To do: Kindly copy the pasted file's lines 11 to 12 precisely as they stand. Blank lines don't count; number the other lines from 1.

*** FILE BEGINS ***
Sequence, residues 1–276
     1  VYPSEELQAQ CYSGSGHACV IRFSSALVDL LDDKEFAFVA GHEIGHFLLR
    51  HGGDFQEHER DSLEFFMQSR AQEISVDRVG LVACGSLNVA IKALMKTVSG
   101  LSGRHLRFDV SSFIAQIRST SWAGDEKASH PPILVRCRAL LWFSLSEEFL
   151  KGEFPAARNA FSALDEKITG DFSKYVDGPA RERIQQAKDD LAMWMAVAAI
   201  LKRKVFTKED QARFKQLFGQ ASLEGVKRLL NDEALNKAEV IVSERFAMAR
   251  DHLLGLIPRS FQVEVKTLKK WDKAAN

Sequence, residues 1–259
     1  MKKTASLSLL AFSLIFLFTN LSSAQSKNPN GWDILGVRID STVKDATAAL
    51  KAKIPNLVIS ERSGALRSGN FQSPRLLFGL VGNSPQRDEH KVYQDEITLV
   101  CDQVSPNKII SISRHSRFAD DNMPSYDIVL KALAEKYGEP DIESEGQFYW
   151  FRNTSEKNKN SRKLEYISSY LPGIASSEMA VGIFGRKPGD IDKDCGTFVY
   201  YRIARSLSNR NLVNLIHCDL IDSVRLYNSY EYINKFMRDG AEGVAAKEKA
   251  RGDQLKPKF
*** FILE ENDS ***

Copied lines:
   101  CDQVSPNKII SISRHSRFAD DNMPSYDIVL KALAEKYGEP DIESEGQFYW
   151  FRNTSEKNKN SRKLEYISSY LPGIASSEMA VGIFGRKPGD IDKDCGTFVY